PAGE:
Tunisia’s Parliament on COVID-19: an initiative to fight disinformation or an opportunity to violate fundamental rights?

After the outbreak and spread of the COVID-19 pandemic, the Tunisian government has extended the state of emergency for three more months. 

On 12 March, a member of parliament proposed a draft law to combat disinformation during the COVID-19 crisis, on the pretext of fighting “fake news” and controlling the flow of information on social media platforms that could impact “national security and order.”

Although countering disinformation during this crisis is a legitimate aim, this proposal is a direct threat to freedom of expression online. Most of its provisions are dedicated to muzzling journalists and activists, as well as exercising control over them through intimidation and by limiting access to the information necessary to document any rights violations that may take place under these circumstances.

Fortunately, civil society took action. Only hours after the proposed bill was leaked to the press, the public responded with a wave of criticism on social media platforms. This response led MP Al-Mabrouk Karsheed, who proposed the draft law, to withdraw the draft, stopping it from moving forward in parliament.

Perhaps the most important element that drew the ire and concerns of civil society and journalists, is the bill’s clear exploitation of the current crisis to pass a law that would restrict the public’s rights and freedoms. The public backlash prompted a number of deputies from various parliamentary blocs to back down and withdraw their signatures as well.

Why is the bill dangerous?

The proposed bill is drawing widespread criticism from various associations and human rights and media organizations, in addition to the National lawyers Association. It directly conflicts with local laws and provisions of Tunisia’s Constitution that guarantees freedom of thought, opinion, and expression in both Articles 31 and 32, and Article 49, and also contradicts the provisions of international law and Article 19 of the Universal Declaration of Human Rights, as well as the International Covenant on Civil and Political Rights, which was ratified by Tunisia.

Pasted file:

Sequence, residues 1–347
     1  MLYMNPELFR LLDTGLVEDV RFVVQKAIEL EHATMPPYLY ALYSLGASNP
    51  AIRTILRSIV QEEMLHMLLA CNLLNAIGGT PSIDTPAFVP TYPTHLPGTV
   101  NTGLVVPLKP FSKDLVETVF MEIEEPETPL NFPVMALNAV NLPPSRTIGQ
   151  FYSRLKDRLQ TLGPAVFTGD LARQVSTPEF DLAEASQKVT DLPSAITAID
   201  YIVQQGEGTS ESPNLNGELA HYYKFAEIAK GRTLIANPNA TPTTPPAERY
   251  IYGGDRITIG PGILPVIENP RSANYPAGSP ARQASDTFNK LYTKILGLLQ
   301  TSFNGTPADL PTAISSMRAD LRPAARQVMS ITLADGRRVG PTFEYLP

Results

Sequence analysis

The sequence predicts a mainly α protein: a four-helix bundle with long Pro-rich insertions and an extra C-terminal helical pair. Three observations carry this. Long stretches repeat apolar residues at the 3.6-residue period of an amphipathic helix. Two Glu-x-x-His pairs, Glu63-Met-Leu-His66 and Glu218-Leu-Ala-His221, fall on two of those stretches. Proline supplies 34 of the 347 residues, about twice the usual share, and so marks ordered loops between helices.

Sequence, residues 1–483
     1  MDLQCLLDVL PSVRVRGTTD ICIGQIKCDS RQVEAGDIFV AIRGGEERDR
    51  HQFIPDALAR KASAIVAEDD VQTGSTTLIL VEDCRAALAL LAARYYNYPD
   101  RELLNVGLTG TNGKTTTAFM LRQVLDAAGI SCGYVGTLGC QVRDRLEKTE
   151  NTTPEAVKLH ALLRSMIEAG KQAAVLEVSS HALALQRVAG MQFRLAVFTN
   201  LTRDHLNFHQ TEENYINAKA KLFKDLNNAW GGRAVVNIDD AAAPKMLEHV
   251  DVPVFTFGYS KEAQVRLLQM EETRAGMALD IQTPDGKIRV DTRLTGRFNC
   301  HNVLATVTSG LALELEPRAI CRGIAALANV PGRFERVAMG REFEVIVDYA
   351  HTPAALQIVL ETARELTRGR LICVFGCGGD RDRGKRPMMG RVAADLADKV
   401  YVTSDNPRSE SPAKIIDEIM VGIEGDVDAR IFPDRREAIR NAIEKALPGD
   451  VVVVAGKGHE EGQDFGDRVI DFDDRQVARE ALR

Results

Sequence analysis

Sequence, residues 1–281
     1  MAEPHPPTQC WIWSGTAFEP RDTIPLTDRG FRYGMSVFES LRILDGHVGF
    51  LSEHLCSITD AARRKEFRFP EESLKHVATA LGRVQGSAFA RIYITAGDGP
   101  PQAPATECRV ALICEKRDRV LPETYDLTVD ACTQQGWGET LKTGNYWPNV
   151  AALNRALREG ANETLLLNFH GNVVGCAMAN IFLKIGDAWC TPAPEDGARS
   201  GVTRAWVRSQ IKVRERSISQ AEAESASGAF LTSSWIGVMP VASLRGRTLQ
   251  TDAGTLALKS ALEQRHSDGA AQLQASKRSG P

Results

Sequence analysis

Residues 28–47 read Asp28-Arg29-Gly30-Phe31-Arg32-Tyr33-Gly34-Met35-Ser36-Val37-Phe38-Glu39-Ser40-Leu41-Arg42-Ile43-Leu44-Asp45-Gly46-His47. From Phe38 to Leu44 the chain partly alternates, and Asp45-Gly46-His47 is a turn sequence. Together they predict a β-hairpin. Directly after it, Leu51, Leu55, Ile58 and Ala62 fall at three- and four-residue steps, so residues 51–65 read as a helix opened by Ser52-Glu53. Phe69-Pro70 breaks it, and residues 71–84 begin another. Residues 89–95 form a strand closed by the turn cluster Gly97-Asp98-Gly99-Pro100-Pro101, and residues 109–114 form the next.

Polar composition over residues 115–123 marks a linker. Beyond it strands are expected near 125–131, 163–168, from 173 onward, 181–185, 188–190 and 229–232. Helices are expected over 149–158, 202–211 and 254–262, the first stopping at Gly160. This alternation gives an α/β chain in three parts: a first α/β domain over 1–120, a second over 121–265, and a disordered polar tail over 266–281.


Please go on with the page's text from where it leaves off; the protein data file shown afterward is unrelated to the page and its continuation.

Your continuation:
Following are the articles that have a profound negative impact on the right to freedom of expression:

  1. The draft law is aimed at criminalizing circulating disinformation or misinformation on social media platforms, but it blurs the line between online defamation and “fake news,” and this confusion means that it could be used against political opponents, journalists, or  bloggers critical of the government or institutions and public figures.
  2. Article 25 has a broad definition of defamation and online defamation, which is “every disclosure of false or doubtful speech between users of social media platforms, that would offend individuals, groups, or institutions in any way, whether it is a publication or through shared content.” That broad wording risks the interpretation of phrases such as “doubtful” to violate the rights and freedoms guaranteed in the Constitution. In addition, this text could be applied to target ordinary internet users who are simply sharing or retweeting content on social media platforms.
  3. Article 247, modified, has steep penalties for breaching the provisions of the bill, with a penalty of up to two years in prison and a fine of 20,000 Tunisian dinars, which is extreme. The punishment is also doubled if the defamation is by an anonymous or pseudo-anonymous person, which negatively impacts the right to anonymity that the United Nations has deemed necessary to protect journalists and activists from censorship and targeting, and describes “laws, practices, and policies that prohibit, restrict, or otherwise undermine anonymity —  in the name of public order — causes serious harm.”